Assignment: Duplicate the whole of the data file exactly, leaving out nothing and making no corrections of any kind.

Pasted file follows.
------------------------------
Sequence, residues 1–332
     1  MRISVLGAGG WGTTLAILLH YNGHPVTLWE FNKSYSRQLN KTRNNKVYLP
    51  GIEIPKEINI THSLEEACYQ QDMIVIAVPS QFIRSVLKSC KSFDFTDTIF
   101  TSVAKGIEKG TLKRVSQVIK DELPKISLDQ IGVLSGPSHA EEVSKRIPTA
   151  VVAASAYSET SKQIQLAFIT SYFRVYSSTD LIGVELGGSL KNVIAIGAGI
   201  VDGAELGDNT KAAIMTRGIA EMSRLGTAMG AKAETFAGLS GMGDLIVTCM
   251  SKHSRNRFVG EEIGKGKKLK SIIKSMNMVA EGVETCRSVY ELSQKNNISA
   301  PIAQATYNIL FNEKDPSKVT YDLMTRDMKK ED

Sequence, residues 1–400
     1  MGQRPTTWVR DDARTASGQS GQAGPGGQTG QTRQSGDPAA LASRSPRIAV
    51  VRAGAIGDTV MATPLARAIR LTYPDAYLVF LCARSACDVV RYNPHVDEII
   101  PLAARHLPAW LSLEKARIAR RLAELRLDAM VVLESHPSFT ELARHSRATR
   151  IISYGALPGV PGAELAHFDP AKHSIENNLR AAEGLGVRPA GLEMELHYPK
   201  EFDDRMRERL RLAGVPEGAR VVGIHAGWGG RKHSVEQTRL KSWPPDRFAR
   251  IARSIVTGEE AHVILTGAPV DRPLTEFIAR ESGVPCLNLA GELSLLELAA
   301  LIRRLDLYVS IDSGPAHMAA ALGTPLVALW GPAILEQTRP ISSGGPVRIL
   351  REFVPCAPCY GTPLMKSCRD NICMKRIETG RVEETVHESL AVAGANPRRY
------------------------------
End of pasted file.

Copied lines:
Sequence, residues 1–332
     1  MRISVLGAGG WGTTLAILLH YNGHPVTLWE FNKSYSRQLN KTRNNKVYLP
    51  GIEIPKEINI THSLEEACYQ QDMIVIAVPS QFIRSVLKSC KSFDFTDTIF
   101  TSVAKGIEKG TLKRVSQVIK DELPKISLDQ IGVLSGPSHA EEVSKRIPTA
   151  VVAASAYSET SKQIQLAFIT SYFRVYSSTD LIGVELGGSL KNVIAIGAGI
   201  VDGAELGDNT KAAIMTRGIA EMSRLGTAMG AKAETFAGLS GMGDLIVTCM
   251  SKHSRNRFVG EEIGKGKKLK SIIKSMNMVA EGVETCRSVY ELSQKNNISA
   301  PIAQATYNIL FNEKDPSKVT YDLMTRDMKK ED

Sequence, residues 1–400
     1  MGQRPTTWVR DDARTASGQS GQAGPGGQTG QTRQSGDPAA LASRSPRIAV
    51  VRAGAIGDTV MATPLARAIR LTYPDAYLVF LCARSACDVV RYNPHVDEII
   101  PLAARHLPAW LSLEKARIAR RLAELRLDAM VVLESHPSFT ELARHSRATR
   151  IISYGALPGV PGAELAHFDP AKHSIENNLR AAEGLGVRPA GLEMELHYPK
   201  EFDDRMRERL RLAGVPEGAR VVGIHAGWGG RKHSVEQTRL KSWPPDRFAR
   251  IARSIVTGEE AHVILTGAPV DRPLTEFIAR ESGVPCLNLA GELSLLELAA
   301  LIRRLDLYVS IDSGPAHMAA ALGTPLVALW GPAILEQTRP ISSGGPVRIL
   351  REFVPCAPCY GTPLMKSCRD NICMKRIETG RVEETVHESL AVAGANPRRY